If someone were to walk up to you and offer you $1,000 today, with the expectation that you pay them $3,000 in a month or a year you would likely look at them with shock and dismay. Why should I pay 200% in interest on my original loan, you might ask. However, you might take a second look at this offer if you are under the duress and financial hardship that many plaintiffs find themselves in when they are out of work and unable to pay their medical bills and living expenses after an accident. Your tune may change if you are faced with default notices and collection creditors are calling your house non-stop. This is exactly what the lawsuit lending industry is betting on, that you will overlook their astronomical interest rates and fees based on your dire financial situation. The lawsuit lending industry has been able to skirt federal and state regulations in this area by labeling their lending practice as “nonrecourse financing.” Essentially, lawsuit lenders bet on the final outcome of a case by loaning money to plaintiffs and as a result are able to operate within Alabama without a license, and without regulation or oversight by the Alabama Banking Department.
The lawsuit lending scheme is relatively simple. Lawsuit lenders give cash advances to individual plaintiffs that are facing financial hardships in order for the plaintiffs to cover medical and living expenses while their case is being litigated. It sounds like a pretty great deal when you’re down on your luck. However, lawsuit lenders are anything but a plaintiff’s white knight. These lawsuit loans typically come with sky-high interest rates, fees, and charges which can amount to as much as 200 percent of the original loan value. By attaching these massive fees and interest rates to the original lawsuit loan, plaintiffs are often left with little to no recovery from the personal injury claim. In fact, in some situations, plaintiffs actually lose money in an effort to resolve their personal injury claims.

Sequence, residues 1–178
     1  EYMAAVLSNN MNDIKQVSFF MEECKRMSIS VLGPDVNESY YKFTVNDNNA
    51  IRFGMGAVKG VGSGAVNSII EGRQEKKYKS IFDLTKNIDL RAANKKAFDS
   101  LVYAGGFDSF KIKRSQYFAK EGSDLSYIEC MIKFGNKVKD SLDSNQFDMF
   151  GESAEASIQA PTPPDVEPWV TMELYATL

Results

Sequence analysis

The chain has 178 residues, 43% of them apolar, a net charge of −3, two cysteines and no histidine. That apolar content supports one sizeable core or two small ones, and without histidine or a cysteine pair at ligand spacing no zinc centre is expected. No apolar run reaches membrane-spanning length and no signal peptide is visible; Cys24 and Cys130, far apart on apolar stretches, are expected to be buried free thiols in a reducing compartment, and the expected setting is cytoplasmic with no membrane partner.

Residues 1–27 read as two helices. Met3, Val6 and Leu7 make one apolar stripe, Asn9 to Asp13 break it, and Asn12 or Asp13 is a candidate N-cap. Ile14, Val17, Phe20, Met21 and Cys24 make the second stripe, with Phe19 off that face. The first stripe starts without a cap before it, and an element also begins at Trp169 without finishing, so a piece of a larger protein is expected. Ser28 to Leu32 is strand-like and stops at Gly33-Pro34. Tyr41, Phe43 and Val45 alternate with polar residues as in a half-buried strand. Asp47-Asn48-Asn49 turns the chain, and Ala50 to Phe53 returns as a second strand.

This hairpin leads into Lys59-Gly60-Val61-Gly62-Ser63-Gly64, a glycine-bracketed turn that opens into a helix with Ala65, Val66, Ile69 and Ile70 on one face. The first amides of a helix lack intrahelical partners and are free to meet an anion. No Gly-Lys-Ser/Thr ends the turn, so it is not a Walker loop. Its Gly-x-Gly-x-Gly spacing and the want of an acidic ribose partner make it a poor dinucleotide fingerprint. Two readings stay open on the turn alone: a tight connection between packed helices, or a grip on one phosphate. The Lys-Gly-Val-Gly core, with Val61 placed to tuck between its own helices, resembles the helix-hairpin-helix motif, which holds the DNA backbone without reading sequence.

In addition to adversely affecting the individual plaintiff, lawsuit loans also distort the litigation process. A lawsuit loan plaintiff faced with a settlement offer must not only consider the amount they will have to re-pay to their health insurance for any medical treatments the plaintiff may have received as a result of the accident, but they must also factor in the cost of paying off their high-interest lawsuit loan. The result is that the plaintiff may reject a reasonable settlement offer on the off chance that they may obtain a higher verdict in court in hopes that they can pay off their medical expenses and high-interest loan and possibly break even. This choice can jeopardize the chance of any recovery and put the plaintiff’s attorney in a precarious situation, because litigating their case may result in a verdict that is lower than the pre-verdict settlement offer or a judgment in favor of the defendant. Therefore, by injecting a third party into the litigation process, plaintiffs often forgo reasonable compensation in an effort to get out from under their impending lawsuit loans.
Lawsuit lending is not a new practice and some states have already enacted legislation to stop its predatory practices. In 2013, Oklahoma became the first state to enact a bill aimed at curbing lawsuit lending in their state. One year later Tennessee also passed a bill which limits the ability of lawsuit lenders to engage in predatory practices. In 2015, Arkansas joined in the fight against lawsuit lenders by passing a bill regulating the lawsuit lending practice. Arizona, Illinois, Indiana, Missouri, New Jersey, Rhode Island and Vermont have all proposed similar legislation directed at stopping the predatory practice of lawsuit lending. In February of this year Senator Cam Ward will be introducing an anti-lawsuit lending bill to the Alabama legislature which “will cap lawsuit loan rates at 10%, require lawsuit lenders to obtain a license, and give the state Banking Department oversight of the industry.” This proposed bill will hopefully bring lawsuit lenders into the light and help deter from further predatory practices.